67 Report on Natal Medical Council Meeting of 10 September 1897,” SAMJ, 5/7 (November 1897), 172.Google Scholar

68 Dr.Egan, C.J., “Presidential Address to the Fourth Medical Congress,” SAMJ, 5/1 (May 1897), 4.Google Scholar

69 Ibid.

70 Dr.Greenlees, D., “Remarks on Lunacy Legislation in the Cape Colony,” SAMJ, 5/9 (January 1898), 228.Google Scholar

71 Ibid.

72 MOH 1/2, Doc 516, State Archives, Cape Town, South Africa.

73 MOH 1/2, Doc 524 (no. 142 H), State Archives, Cape Town, South Africa.

74 Greenlees, , “Remarks,” 228.Google Scholar

75 Ibid.

76 Ibid., 229.

77 Dr.Fuller, , “An Original Research into the Causes of Death from Infantile Diarrhoea,” SAMJ, 5/3(July 1897), 57.Google Scholar

78 Dr.Dodds, , “Presidential Address to the Cape of Good Hope Branch of the BMA,” SAMJ, 7/8 (December 1899), 167.Google Scholar

79 Ibid.

80 Ibid.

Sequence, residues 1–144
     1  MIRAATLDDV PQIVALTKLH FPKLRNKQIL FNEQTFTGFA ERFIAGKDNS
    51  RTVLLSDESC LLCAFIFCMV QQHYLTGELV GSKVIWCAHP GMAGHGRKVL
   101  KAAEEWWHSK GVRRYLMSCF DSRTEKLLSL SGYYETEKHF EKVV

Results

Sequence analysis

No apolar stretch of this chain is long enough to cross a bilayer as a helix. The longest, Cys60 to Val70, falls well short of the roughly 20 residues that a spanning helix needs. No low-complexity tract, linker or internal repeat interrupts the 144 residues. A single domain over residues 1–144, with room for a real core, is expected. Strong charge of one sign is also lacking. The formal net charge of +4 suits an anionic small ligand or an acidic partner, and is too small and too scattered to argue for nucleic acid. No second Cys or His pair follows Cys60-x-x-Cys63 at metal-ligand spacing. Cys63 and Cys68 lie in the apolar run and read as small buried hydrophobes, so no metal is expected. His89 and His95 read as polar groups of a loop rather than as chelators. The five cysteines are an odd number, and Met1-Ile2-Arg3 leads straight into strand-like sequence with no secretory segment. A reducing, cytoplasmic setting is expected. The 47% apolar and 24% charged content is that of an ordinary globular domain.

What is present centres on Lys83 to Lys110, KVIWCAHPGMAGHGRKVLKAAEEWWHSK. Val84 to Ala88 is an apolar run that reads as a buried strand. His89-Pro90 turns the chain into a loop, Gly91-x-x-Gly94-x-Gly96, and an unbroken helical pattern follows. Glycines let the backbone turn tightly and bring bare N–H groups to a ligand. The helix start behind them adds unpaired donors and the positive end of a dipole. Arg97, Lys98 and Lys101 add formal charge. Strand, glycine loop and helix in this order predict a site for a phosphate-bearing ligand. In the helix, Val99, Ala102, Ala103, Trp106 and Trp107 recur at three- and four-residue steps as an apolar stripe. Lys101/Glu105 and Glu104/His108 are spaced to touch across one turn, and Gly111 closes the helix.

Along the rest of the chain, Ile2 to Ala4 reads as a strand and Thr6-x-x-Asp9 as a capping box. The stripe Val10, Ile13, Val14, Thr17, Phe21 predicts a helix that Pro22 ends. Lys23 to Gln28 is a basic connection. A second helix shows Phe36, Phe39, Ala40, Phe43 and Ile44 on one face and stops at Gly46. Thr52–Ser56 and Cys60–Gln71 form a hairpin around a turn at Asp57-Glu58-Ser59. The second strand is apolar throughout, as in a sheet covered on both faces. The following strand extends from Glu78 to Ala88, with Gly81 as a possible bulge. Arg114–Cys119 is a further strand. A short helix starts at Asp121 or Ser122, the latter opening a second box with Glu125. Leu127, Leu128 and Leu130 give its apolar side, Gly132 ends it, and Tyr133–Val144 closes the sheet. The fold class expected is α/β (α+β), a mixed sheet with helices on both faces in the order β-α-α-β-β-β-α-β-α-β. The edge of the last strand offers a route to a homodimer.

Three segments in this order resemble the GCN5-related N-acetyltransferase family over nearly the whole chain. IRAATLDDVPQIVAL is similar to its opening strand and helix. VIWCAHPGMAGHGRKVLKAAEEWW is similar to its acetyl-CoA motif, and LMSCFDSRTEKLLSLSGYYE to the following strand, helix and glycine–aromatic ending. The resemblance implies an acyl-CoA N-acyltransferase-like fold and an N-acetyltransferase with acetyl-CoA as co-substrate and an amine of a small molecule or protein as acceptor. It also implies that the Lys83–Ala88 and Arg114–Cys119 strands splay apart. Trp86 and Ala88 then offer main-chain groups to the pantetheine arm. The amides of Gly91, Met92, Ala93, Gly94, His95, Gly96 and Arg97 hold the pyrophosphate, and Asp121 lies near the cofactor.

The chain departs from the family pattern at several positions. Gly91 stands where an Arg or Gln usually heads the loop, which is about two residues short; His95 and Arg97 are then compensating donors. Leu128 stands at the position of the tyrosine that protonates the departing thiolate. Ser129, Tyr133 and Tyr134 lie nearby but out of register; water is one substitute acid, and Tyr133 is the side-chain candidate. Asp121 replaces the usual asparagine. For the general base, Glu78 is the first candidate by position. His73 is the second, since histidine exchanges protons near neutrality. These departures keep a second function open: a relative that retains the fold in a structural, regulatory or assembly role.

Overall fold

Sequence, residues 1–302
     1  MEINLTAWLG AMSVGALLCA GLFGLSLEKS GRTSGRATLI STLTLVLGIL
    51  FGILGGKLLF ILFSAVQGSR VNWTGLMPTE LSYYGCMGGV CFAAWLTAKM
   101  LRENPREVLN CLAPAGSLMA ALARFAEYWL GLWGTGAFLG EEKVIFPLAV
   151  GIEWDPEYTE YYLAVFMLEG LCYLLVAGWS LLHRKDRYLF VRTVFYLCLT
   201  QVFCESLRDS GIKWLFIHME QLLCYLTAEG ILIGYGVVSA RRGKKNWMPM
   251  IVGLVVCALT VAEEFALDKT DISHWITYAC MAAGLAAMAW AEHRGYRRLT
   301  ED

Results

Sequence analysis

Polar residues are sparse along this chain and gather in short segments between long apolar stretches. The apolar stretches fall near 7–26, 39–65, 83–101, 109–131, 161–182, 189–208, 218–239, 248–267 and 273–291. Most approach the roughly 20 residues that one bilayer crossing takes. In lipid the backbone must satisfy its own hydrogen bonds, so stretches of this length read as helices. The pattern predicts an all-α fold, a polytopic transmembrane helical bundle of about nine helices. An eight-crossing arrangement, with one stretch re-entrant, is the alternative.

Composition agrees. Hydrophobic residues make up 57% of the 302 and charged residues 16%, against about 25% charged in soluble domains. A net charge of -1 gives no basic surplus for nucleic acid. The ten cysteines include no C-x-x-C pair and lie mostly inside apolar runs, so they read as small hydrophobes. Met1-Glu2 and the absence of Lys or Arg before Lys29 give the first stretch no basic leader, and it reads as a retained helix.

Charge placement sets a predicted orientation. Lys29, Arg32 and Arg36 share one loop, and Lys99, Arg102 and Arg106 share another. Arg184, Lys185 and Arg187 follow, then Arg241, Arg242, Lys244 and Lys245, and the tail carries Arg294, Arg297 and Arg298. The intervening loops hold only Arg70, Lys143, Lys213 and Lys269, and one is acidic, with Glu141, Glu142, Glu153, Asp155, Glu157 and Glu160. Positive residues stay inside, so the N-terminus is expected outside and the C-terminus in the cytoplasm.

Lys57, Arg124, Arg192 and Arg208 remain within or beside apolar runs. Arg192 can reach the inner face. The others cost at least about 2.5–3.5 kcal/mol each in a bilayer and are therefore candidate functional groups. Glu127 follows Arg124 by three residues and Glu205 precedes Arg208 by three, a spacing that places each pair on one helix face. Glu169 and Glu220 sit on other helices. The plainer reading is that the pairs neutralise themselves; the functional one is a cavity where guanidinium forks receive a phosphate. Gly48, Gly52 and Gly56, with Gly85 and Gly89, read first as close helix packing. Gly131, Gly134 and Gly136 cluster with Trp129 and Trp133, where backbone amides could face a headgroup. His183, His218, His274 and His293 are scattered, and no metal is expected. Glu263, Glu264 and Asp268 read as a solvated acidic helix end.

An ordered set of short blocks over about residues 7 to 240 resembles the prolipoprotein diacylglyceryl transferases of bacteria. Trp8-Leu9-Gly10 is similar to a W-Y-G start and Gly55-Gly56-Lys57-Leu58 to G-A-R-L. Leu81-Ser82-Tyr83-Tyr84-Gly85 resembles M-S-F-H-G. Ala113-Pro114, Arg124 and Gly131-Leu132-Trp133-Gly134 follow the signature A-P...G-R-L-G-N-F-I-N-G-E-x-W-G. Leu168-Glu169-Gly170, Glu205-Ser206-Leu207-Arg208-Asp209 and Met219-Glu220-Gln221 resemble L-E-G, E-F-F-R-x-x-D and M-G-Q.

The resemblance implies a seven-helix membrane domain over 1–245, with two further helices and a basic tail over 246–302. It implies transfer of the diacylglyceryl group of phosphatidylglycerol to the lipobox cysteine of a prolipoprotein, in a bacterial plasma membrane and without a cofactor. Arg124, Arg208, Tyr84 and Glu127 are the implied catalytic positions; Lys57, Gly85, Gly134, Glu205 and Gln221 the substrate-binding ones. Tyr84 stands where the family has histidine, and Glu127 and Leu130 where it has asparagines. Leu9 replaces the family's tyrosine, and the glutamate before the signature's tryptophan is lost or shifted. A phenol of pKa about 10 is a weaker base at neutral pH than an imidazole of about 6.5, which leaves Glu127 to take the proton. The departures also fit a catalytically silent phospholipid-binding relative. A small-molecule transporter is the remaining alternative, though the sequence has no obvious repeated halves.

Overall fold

81 Review of Report of the Medical Officer of Health for the Cape Colony, Dr. Turner, for the year 1895,” SAMJ, 4/8 (December 1896), 209.Google Scholar

82 Minutes of Meeting of Cape Medical Council: 3 March 1899,” SAMJ, 6/12 (April 1899), 255.Google Scholar

83 Ibid.

84 The Medical and Pharmacy Act: Prosecution at Wynberg,” SAMJ, 7/1 (May 1899), 2.Google Scholar

85 The Case of False Death Certificates: Dr. Anthony Accused,” SAMJ, 7/2 (June 1899), 22.Google Scholar

86 Ibid.

87 Ibid.

88 Report of the Registrar of Births and Deaths,” SAMJ, 7/5 (September 1899), 111.Google Scholar

89 Dodds, , “Presidential Address,” 167.Google Scholar

90 Gramsci, Antonio, Selections from the Prison Notebooks (New York, 1992), 416.Google Scholar